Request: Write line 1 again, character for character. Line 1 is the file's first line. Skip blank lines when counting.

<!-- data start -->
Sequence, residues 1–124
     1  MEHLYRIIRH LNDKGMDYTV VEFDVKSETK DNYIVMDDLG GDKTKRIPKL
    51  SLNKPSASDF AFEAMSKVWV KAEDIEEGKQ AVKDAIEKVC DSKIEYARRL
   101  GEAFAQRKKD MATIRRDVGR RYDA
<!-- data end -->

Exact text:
Sequence, residues 1–124